Today (Sunday 28 June) a newly established system of walking trails was formally launched – by longstanding local TD (now retired) Jim O’Keefe – at Aughadown: we were part of the crowd
The Unveiling – from top left: mover and shaker Eugene McSweeney with Jim O’Keefe; Jim and the Fastnet Walk Trails Group Committee cutting the ribbon; on the inaugural walk – Fr Patrick Hickey giving us the low-down on smuggling at Roaringwater Pier; the wonderful Kilcoe National School Band
Rediscovering what we’ve only recently discovered… is that the best way of describing our experiences exploring the just launched Fastnet Trails? We have been traversing and driving around the boreens – local lanes and byways – that permeate this beautiful stretch of coastline and country on our own peninsula (Ballydehob is colloquially termed ‘the Gateway to the Mizen’) for the full two years that we have lived permanently here at Nead an Iolair. We have taken in the vistas – from the windows of our car – and appreciated the profuse combinations of sky, sea and mountain as we passed on our way; now, we are seeing everything anew, and in closer focus, because we have started to walk the trails.
It may seem strange that many of these walks are along roads but don’t let that put you off! Remember that here in rural Ireland the old lanes were made to serve farmsteads and are little used today by anything more than very local traffic. I did the hike home from Ballydehob this morning (after my usual excellent coffee break in Budds) on the long route, passing by Ard Glas (Ballydehob Rossbrin Walk): I pootled along for well over an hour and didn’t see a single vehicle in the whole of that time! In fact, a passing car (or bicycle or tractor) is an event: invariably it involves a pause in walking while the time of day is passed in leisurely conversation during which acquaintances are made and news is passed on…
Before the official opening Finola and I undertook one of the walks (Lissheenacrehig Walk, starting at Kilcoe Trail Head): we deliberately chose the one that seemed perhaps the least interesting as it heads north inland and doesn’t pass directly by Roaringwater Bay. I’m not sure what we expected – after all, we had travelled all the little roads on this route by car previously – we are great explorers! In fact, our eyes were opened and we were surprised to be presented with wide views focussing on Mounts Gabriel, Kidd, Corrin and all the rugged uplands in between, and to be given the huge bonus of time to stop and scour inviting rock surfaces for new examples of Rock Art (we didn’t find any). But also it was the closer encounters which we really valued: a wealth (if that really is the right word?) of ruined sheds and cottages; wells, walls and wild flowers; an old burial ground with its memories of lives lived; the tumbling waters and green rocks of the Roaringwater River just before it empties itself into the Bay; archaeology (viewed from a distance on this occasion – the standing stones and ring forts are on private land and – as always – permission should be sought from the owners prior to visiting: that, of course, creating further opportunities for chat and dawdling).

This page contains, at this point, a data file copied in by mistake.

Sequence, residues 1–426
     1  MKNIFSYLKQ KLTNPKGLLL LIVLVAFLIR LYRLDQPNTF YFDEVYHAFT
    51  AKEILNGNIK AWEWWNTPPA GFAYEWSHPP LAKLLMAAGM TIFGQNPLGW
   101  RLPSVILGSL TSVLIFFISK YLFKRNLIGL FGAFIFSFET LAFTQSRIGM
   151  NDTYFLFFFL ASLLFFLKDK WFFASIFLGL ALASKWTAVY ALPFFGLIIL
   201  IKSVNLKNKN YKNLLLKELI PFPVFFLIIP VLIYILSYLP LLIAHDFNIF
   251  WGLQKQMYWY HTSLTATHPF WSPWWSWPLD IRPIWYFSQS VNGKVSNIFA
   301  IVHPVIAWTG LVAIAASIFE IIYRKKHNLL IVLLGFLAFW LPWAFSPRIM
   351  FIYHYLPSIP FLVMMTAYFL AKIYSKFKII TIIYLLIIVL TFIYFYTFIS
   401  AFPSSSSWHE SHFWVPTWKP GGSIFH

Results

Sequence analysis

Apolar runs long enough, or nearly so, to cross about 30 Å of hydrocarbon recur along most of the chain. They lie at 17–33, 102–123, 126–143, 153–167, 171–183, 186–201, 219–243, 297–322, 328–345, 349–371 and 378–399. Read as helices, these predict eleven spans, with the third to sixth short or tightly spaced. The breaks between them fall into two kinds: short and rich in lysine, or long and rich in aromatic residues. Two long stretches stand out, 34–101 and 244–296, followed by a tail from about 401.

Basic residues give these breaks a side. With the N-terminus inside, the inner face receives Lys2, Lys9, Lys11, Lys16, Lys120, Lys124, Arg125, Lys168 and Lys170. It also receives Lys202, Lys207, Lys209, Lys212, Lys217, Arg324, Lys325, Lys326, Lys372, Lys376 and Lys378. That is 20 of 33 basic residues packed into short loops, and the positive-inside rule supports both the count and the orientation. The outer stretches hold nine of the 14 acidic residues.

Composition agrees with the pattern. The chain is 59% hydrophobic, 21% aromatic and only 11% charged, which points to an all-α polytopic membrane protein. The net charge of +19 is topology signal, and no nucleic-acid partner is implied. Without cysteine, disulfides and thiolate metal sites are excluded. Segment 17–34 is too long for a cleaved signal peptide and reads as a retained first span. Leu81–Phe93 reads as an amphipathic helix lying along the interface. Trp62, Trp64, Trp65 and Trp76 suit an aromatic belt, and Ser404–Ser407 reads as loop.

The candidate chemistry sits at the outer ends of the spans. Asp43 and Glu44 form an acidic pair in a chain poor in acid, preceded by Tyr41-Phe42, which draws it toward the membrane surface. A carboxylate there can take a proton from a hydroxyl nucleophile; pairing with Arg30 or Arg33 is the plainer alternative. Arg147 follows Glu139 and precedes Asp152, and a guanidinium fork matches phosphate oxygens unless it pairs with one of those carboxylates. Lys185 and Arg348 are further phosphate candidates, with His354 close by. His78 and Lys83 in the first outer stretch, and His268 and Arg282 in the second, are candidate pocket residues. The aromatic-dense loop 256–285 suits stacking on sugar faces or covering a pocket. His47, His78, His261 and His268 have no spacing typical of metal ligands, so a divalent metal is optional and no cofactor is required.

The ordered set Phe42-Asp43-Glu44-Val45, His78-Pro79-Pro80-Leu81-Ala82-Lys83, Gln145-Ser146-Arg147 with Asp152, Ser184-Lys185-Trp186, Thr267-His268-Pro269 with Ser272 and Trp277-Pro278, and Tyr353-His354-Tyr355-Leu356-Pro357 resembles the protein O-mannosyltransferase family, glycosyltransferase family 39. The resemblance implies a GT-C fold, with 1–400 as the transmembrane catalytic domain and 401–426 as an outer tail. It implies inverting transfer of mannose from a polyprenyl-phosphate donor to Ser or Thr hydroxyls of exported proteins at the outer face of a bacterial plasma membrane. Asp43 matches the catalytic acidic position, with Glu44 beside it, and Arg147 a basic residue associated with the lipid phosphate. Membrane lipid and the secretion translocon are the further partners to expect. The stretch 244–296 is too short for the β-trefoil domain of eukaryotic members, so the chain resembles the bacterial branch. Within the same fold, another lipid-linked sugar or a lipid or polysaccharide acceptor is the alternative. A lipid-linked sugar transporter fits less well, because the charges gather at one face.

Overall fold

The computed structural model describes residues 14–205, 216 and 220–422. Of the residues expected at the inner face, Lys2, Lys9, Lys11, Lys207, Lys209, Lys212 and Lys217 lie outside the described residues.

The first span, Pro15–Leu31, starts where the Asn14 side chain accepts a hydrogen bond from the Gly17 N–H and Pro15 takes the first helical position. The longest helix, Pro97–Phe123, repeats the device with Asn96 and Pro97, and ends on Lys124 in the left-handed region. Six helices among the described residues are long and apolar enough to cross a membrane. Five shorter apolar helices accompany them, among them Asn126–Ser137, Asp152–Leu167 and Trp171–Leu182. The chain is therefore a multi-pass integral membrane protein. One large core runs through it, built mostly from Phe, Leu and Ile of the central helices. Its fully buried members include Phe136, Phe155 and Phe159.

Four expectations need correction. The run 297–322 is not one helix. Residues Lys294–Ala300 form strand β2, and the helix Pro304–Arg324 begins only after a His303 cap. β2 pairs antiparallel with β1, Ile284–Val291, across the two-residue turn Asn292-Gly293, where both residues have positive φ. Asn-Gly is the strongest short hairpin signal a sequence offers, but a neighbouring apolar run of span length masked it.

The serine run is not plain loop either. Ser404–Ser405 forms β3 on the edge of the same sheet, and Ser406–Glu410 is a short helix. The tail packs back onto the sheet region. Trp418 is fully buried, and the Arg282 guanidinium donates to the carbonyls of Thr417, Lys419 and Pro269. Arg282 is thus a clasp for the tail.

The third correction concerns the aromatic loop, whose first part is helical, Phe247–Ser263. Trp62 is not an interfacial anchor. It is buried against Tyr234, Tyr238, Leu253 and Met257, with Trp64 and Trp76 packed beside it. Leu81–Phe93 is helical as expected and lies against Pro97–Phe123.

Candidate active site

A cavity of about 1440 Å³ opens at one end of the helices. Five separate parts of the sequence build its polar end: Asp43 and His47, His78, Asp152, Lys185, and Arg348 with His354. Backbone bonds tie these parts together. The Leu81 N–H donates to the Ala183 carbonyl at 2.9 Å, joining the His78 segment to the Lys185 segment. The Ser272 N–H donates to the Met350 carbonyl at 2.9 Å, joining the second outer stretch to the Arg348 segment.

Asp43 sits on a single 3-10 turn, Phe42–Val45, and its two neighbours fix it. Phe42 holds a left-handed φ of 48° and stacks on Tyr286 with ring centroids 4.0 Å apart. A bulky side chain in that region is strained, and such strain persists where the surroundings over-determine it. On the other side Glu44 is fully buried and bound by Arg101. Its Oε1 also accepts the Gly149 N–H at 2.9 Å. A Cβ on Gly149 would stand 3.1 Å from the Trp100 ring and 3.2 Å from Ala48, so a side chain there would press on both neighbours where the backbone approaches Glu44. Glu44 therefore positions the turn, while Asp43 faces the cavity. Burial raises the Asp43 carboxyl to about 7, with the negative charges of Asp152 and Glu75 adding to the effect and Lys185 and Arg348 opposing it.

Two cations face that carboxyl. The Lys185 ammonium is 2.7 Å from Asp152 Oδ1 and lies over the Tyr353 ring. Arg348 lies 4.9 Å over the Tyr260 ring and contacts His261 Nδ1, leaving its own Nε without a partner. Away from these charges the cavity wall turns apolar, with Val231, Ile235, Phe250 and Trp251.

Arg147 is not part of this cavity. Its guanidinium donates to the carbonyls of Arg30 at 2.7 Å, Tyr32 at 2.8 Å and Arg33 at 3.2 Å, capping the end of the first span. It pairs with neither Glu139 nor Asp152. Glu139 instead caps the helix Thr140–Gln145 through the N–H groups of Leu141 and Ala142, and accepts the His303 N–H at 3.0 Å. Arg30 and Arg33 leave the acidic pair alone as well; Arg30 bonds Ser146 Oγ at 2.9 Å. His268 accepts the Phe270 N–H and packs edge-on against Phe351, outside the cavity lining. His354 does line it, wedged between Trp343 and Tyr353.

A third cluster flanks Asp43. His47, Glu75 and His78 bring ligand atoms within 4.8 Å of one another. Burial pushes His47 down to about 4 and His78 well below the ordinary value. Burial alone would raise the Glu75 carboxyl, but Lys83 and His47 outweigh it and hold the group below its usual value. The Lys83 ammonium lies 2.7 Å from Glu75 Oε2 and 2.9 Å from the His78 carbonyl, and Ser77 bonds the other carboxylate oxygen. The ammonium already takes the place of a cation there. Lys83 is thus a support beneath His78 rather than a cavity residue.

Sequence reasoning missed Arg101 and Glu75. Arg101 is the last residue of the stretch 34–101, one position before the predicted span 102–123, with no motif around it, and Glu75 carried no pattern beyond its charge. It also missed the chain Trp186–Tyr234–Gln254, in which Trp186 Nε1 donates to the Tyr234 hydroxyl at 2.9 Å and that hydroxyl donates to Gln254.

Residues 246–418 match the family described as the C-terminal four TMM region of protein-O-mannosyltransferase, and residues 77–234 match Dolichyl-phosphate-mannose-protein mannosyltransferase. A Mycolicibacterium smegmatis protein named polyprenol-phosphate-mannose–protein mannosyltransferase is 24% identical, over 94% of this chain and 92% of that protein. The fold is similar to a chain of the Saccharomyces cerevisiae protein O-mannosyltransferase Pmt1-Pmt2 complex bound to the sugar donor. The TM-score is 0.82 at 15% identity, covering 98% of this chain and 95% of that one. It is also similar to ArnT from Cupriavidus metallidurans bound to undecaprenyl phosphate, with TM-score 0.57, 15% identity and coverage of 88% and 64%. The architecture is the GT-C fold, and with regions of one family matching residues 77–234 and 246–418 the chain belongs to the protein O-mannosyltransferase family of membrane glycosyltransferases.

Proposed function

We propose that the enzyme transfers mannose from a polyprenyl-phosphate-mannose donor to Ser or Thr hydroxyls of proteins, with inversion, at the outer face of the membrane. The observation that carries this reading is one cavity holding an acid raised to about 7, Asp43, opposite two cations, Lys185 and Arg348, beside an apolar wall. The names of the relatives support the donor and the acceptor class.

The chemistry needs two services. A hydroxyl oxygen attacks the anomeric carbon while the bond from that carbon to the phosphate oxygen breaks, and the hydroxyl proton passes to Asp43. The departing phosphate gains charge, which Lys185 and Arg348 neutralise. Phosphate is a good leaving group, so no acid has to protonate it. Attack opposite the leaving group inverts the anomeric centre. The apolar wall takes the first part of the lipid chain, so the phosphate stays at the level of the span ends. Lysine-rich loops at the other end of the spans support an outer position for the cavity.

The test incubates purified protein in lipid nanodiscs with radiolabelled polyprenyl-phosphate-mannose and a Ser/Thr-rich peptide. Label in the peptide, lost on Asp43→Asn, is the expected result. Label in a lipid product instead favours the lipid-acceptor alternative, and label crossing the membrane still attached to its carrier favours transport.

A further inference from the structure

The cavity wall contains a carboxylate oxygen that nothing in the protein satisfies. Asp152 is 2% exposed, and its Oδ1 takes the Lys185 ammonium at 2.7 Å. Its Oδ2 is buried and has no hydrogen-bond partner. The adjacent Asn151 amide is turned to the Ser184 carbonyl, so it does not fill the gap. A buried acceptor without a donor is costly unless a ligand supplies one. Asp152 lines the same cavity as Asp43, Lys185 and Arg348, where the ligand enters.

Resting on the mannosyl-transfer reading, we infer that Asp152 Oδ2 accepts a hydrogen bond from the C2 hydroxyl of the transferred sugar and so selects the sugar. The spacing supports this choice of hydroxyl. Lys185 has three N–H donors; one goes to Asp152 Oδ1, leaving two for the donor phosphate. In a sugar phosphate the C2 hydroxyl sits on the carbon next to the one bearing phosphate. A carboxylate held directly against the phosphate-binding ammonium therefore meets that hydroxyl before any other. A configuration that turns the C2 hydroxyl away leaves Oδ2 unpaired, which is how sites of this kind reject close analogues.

The signage on these walks is clear but discrete – you’d have to try very hard to lose your way. Very occasionally there are information boards: these have been well thought out and attractively drafted. At the end of our sample walk we realised we had taken three hours to do the 7.5 kilometres: the well produced trail information recommends allowing an hour and three quarters! I think that emphasises our predisposition to get diverted in every possible way…
In all there are 80km of walks set out, from Schull in the west to Lisheen in the east. They are easily accessible, and there is ample parking at all the Trailheads.
The one trail which is largely away from surfaced roads is the Butter Walk, running between Ballydehob and Schull. This an ancient way – Finola has written about it and its fascinating history previously. It’s magical to get into the heart of rural Ireland and to immerse yourself in nature and a past writ so clearly on the landscape.
We really believe that West Cork is pulsating with an underlying energy! So much has happened (and is happening) during our time here. Much of it is, of course, down to people who have been working away for years – often behind the scenes and, therefore, unappreciated – but future generations will realise what a debt is owed to these innovators: West Cork has been steadily and deservedly building its reputation as good food capital of Ireland, for example – and the opening of Uillinn in Skibbereen will emphasise the equal importance and historical context of the arts in these remoter landscapes. For music, drama and literature, also, we are always spoilt for choice: the furthest we have to travel is half an hour to see and hear world class performers in all these genres.
The latest asset to bring West Cork to the fore is this – literally – trailblazing one: the establishment of a network of walking routes along the coast, through the countryside and into the wild places. Fastnet Trails has been quietly gestating now for some time: the launch today shows how much work has been undertaken already – and what fruition has been attained. On behalf of everyone locally we thank the organisers for achieving the realisation of their dreams which benefit all of us and the generations to come. A grand start has been made: undoubtedly, more good works will follow.
Fastnet Trails are recognised by the National Trails Office and the Wild Atlantic Way: the venture has been organised by The Fastnet Walks Trails Group with the help of the Community Councils of Aughadown, Ballydehob and Schull